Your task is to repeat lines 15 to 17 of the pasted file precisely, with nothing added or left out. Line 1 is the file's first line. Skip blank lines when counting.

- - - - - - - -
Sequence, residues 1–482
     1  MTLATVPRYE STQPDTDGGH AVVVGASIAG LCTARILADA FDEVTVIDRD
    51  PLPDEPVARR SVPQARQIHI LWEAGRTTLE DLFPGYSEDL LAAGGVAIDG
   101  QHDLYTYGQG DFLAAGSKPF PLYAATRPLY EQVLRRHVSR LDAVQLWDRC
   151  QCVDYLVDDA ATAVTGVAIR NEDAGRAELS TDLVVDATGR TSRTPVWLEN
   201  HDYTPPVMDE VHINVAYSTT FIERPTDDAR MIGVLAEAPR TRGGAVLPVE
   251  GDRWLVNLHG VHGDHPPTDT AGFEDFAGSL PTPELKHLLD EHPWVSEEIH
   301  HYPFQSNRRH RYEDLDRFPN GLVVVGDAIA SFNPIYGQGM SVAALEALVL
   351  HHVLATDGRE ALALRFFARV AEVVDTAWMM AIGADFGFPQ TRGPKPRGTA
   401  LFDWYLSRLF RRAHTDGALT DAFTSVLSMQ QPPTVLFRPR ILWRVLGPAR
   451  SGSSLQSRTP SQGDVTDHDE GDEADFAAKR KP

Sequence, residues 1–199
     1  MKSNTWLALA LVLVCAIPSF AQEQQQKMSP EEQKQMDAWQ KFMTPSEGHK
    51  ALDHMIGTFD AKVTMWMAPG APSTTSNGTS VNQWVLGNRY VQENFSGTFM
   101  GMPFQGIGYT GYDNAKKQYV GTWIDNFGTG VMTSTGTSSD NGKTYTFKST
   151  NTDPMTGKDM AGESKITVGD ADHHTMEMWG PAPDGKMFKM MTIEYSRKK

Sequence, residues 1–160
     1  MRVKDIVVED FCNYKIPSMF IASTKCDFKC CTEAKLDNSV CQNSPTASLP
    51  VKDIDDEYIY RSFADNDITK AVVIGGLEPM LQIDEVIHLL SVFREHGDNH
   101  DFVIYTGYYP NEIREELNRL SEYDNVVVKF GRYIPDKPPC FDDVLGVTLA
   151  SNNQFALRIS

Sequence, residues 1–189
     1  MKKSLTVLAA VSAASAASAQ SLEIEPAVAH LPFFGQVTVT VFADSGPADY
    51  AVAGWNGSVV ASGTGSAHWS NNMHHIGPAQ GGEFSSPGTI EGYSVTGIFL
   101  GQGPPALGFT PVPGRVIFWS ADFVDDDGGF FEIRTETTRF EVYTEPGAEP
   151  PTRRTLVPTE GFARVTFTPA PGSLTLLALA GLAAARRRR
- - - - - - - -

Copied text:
   101  GMPFQGIGYT GYDNAKKQYV GTWIDNFGTG VMTSTGTSSD NGKTYTFKST
   151  NTDPMTGKDM AGESKITVGD ADHHTMEMWG PAPDGKMFKM MTIEYSRKK

Sequence, residues 1–160